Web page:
Even though the Czech Republic has seen a significant spike in new cases of people infected with COVID-19 in the last couple of days, some new changes have been recently announced by the Czech government and media. They are related mainly to the so-called “coronavirus traffic light system”, wearing face masks and traveling from and to non-EU countries.
Another update of the “coronavirus traffic light system”
The so-called “coronavirus traffic light system” was updated twice in the last couple of days as Belgium, Portugal and the UK were added on the list of safe countries. This means that it is now possible to travel to and from these two countries which applies to both, Czech citizens and citizens of these countries. This makes Sweden the only unsafe country.
From July 1, eight non-EU countries are considered safe by the Czech government, namely Montenegro, Serbia, Thailand, Canada, Australia, New Zealand, Japan, and South Korea. However, so far only Serbia and Montenegro have reopened borders without restrictions for the citizens of the Czech Republic.
Several countries whose citizens cannot enter the EU
While the member states of the EU are already reopening their borders, not everyone will enjoy this positive change. Citizens of those countries that are deemed unsafe still won’t be allowed to enter the EU unless they qualify for an exception. This applies for example to the non-essential travelers from the USA, Russia, Brazil and so on, though it’s up to the individual EU countries to decide to what extent they’ll abide by the travel ban.
The list of exceptions includes for example:
- Healthcare professionals, health researchers, and elderly care professionals;
- Passengers travelling for imperative family reasons;
- Third-country nationals travelling for the purpose of study;
- Highly qualified third-country workers if their employment is necessary from an
economic perspective and the work cannot be postponed or performed abroad.
The whole list is available here.
Eleven Czech embassies have resumed normal service
- Austria – Vienna
- Belgium – Brussels
- Bulgaria – Sofia
- Croatia – Zagreb
- Germany – Berlin
- Ireland – Dublin
- Poland – Warsaw
- Romania – Bucharest
- Slovakia – Bratislava
- Serbia – Belgrade
- United Kingdom – London
Everything else remains the same as presented in our previous article regarding this topic.
Wearing of face masks not mandatory anymore
Another important change concerns the wearing of face masks, which is lifted as of July 1 with the exception of medical and social facilities. This, however, doesn’t apply to Prague and the Moravian Silesian region where the number of newly infected people is still high.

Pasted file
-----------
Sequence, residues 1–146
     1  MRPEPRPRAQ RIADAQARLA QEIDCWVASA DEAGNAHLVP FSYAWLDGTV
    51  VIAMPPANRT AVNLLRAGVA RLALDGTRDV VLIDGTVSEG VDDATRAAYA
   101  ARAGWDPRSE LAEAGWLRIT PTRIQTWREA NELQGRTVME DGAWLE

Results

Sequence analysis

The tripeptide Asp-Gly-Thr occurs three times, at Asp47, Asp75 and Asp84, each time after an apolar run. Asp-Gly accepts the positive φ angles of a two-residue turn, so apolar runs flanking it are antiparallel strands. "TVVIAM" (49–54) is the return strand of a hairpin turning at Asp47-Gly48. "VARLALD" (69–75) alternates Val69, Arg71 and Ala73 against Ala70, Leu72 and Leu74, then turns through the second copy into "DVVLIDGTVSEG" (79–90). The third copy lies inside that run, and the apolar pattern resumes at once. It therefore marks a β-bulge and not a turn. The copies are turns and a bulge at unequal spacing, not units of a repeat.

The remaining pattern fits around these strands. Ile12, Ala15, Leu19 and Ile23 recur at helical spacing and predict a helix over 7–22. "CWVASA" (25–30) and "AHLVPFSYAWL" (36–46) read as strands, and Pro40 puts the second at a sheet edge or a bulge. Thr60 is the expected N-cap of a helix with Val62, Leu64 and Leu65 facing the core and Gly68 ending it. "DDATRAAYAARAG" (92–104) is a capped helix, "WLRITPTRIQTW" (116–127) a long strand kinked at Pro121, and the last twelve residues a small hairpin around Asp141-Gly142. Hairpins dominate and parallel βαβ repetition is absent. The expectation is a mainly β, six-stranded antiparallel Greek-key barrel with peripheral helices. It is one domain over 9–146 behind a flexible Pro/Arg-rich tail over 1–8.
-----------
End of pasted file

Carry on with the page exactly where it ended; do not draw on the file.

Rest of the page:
Counter-measures in Prague:
- It is not mandatory to wear a face-mask in trams and buses, though the Transport Company of the Capital City of Prague recommends that people continue wearing them,
- Face masks remain mandatory on the subway,
- Wearing of face masks remains mandatory at indoor events with more than one hundred people, for example in theaters and cinemas.
Counter-measures in the Moravian Silesian region:
- Wearing of face-masks remains compulsory at indoor events with over one hundred visitors,
- Face-masks remain mandatory also for those people who work in body care services and have to be in contact closer than 1.5 meters from the client. They will be mandatory in hairdressing salons, for example,
- Cross-border workers in the region will also have to submit a negative test for COVID-19 to the employer every ten days.
Even harsher counter-measures were introduced in the local pockets of the epidemic, which are: Karviná, Frýdek-Místek, Frýdlant nad Ostravicí, Jablunkov, Bohumín, Havířov, Orlová, Český Těšín, and Třinec. Inhabitants of these nine towns and cities must continue wearing face-masks on public transport and all indoor spaces with the exception of the indoor spaces of their residence. Catering facilities, including outdoor gardens, must be closed from 11 PM to 8 AM and selling is possible only through a window. The maximum number of people attending mass events has been limited to one hundred. This rule also applies to aquaparks.
It is also recommended that people from the regions most affected by the coronavirus wear face masks when travelling to other regions in the country.
Let us know and get your residence permit as soon as possible to be safe in the future in case the pandemic returns. Having a residence permit is the best way of making sure you’ll be able to return to the Czech Republic even if the borders are closed again.
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This article was updated on July 10.
Source of the image: Unsplash.com